More than two months ago on March 21, demonstrators in Daraa set fire to the ruling Baath Party’s headquarters and government buildings. Police officials started gunning down the crowd reportedly killing hundreds by March 24. The total may have exceeded 5,000 now, human rights activists say.

The demonstrations are still taking place despite a government crackdown on pro-democracy protests.

Demonstrators demanded freedom from the 48-year emergency law, release of political prisoners, trials of those who have shot and killed protesters, and they wanted an end to corruption in their country.

What will happen in Syria after President Bashar al- Assad? Is the country capable of surviving the Baath Party regime's collapse?

The pertinent question is whether there is a leader who can take the country out of its depths of destruction and win over people who are cynical with the current government?

Assad takes after his father Hafez al-Assad, when it comes to insurgencies in the country. His father had ordered the Hama massacre in February 1982.

During the revolt by the Sunni community against the regime of Hafez al-Assad, the Syrian army conducted a scorched earth policy (destroying anything that might be useful for the enemy) in the city of Hama to crush the revolt.

Hafez al-Assad remained in power till his death in 2000 he ruled Syria for 29 years and his son Bashar is in power for more than a decade.

There is no alternative to his power

Syria’s opposition the Arab Socialist Movement was part of the Baath Party but is scattered and leaderless. The opposition meeting scheduled in Turkey on May 30 has brought forth divisions among the leaders of the Syrian uprising. There is no real opposition that can take Assad's place, if he is deposed.

The current regime has convinced the Christian minority which is only 10 percent population that without Assad, Syria may follow the path of civil war as in the case of Iraq and Lebanon.

The regime might not be in any danger of immediate collapse since the Syrian army is determined to protect the Assad regime.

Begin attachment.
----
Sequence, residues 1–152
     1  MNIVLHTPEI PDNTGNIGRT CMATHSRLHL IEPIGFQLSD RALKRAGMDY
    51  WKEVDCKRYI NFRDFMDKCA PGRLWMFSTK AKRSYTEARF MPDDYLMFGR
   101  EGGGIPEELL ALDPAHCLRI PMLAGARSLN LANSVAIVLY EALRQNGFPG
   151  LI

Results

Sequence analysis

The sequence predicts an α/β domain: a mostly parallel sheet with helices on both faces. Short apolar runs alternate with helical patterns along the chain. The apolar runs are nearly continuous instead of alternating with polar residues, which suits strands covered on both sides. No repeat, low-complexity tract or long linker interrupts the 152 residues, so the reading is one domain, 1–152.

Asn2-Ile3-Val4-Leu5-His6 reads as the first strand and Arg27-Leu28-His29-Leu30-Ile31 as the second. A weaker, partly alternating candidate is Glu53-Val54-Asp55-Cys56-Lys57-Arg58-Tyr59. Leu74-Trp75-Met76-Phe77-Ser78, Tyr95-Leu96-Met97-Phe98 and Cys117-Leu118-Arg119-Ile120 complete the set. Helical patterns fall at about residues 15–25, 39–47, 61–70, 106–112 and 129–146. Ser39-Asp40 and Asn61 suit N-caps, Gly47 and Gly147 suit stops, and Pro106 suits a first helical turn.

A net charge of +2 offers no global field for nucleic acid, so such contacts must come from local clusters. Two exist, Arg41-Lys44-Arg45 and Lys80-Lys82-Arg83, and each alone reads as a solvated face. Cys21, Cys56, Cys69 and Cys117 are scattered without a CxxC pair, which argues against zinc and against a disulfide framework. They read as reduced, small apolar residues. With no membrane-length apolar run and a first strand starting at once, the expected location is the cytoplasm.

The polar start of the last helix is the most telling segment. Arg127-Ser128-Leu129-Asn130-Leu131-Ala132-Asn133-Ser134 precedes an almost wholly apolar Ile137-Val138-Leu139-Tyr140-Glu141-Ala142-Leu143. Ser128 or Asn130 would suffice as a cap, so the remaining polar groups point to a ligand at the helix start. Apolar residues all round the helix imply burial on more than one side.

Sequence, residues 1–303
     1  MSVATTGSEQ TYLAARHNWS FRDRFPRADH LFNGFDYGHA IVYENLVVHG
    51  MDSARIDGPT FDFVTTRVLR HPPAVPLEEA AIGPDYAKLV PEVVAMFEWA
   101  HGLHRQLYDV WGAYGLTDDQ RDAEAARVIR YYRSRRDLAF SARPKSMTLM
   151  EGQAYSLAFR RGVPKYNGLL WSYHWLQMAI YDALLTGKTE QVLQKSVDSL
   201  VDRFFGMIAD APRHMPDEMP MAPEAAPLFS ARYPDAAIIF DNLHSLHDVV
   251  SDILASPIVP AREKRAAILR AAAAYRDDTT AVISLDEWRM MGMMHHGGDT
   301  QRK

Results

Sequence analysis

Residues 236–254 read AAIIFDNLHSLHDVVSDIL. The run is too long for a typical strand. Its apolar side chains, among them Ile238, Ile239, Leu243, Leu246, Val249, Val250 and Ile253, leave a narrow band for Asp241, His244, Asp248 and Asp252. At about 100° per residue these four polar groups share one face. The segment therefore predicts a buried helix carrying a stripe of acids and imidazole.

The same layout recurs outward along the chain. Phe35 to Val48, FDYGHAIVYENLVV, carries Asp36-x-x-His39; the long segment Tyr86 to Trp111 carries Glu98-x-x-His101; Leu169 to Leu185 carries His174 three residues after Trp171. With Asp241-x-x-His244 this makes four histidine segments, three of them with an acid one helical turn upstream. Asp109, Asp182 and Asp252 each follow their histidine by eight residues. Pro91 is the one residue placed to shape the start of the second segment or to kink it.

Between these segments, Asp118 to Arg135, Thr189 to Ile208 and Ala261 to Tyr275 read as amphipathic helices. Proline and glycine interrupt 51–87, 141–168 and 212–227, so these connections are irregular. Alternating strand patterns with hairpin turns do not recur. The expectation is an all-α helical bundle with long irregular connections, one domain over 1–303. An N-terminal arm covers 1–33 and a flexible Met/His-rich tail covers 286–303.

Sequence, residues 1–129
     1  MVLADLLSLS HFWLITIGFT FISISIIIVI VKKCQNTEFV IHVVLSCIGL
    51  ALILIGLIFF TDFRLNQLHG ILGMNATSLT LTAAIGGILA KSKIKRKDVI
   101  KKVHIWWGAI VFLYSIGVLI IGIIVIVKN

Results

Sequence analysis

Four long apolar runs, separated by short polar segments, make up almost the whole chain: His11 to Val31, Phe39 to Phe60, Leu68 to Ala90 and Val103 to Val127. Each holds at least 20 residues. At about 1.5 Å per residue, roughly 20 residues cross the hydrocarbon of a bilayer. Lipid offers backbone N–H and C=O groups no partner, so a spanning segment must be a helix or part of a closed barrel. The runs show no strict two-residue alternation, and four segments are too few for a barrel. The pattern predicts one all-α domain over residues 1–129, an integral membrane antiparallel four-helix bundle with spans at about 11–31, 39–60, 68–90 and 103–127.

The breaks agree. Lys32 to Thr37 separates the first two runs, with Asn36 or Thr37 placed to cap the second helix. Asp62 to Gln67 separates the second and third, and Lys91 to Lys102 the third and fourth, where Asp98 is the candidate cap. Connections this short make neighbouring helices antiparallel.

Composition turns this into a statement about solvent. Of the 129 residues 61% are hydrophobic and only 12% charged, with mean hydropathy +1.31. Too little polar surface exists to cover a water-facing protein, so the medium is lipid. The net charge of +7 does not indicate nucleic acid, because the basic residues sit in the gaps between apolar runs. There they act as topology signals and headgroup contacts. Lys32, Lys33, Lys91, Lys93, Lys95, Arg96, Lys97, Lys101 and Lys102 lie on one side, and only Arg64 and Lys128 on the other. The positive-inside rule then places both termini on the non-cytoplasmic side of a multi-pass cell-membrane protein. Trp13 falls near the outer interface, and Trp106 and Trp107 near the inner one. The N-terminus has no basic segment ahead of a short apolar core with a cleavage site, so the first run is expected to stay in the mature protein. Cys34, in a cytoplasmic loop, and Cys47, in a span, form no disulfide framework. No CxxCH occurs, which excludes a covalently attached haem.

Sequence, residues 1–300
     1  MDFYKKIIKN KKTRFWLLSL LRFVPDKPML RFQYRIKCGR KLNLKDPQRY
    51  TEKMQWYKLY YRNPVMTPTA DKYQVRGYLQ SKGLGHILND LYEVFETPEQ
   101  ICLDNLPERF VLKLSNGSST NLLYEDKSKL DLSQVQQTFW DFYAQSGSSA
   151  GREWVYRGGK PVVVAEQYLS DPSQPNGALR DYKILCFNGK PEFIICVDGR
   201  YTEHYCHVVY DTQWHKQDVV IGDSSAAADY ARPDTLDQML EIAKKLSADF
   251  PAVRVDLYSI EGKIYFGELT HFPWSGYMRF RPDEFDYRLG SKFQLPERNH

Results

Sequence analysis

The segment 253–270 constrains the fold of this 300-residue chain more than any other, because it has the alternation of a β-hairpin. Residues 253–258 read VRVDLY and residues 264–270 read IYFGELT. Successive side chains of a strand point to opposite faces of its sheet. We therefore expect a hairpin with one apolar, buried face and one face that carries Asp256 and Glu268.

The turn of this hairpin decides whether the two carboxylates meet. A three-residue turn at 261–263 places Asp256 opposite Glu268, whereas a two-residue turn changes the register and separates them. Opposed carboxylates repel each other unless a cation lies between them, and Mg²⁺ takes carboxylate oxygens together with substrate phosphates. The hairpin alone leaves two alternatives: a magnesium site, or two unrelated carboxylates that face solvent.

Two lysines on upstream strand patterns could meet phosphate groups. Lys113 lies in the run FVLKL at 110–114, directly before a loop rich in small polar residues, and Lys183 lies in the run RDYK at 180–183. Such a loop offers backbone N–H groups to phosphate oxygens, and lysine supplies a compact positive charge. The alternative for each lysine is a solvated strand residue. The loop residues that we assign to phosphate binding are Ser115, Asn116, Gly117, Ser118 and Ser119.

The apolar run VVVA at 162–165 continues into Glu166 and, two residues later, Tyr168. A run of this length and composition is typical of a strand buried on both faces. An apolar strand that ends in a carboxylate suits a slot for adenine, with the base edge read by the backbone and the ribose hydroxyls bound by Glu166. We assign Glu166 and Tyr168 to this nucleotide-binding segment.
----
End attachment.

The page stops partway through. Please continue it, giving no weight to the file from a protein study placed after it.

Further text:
The main troops who are better trained and equipped than rest of the army, are trusted loyalists who will fight till the end. Syria is unlike Tunisia or Egypt where the armies had refused to open fire on protesters after the collapse of the police.

Second, the neighboring countries of Syria are scared to rock the diplomatic boat of political pragmatism. The neighboring countries are of the opinion if they are involve it might ruin their peace and security in their own countries.

Despite tensions between Syria and Israel, Israel is not keen on Assad leaving and is happy with the present status quo on Golan Heights. Any new leader might change this comfortable equation between Israel and Syria.

The Jordanian King Abdullah II is against a democratic uprising to succeed in his neighboring country as that would start a rebel against him in Jordan.

Turkey has close relations with Assad, after the zero problems with neighbors” policy also fears chaos on its 700km long border.

Unlike the Egypt revolution, where Turkish Prime Minister Recep Tayyip Erdogan, was quick to denounce Hosni Mubarak, has not spoken a word about the current uprising in Syria.

If the Assad regime is overthrown, their powerful and well-armed ally Lebanon might also be worried. Syrian troops are stationed in Lebanon and have exerted a political influence in the nation.

so far, the Syrian protesters have failed to disrupt any ordinary life except in the two big cities, of Damascus and Aleppo.

NATO is also wary about getting involved in another conflict too soon after Libya which is surrounded by many controversies and criticism.

The United States and European Union last week imposed sanctions on Assad and 10 of his top officials, also asking him to stop violence on the demonstrators.

However, it remains to be seen if Assad will go Egypt’s Hosni Mubarak way or will continue to fight like Libya’s Moammar Gaddafi.


Possible post-Assad scenario:

  • A national reconciliation with a vision of a democratic state should be provided before the imminent collapse.
  • Such an event would be dominated by Syrians in exile, but there could be a concerted move to reach the preferences and views of those who are still living in the country.
  • There is need for an intermediary council which will be elected with half its seats reserved for insiders who will be appointed once Assad is gone.
  • The people of Syria should be assured of a possible future in post-Assad politics and protection from Assad's Alawite community.
  • The situation demands that a provisional constitutional draft be drawn with the United Nations to help organize the elections.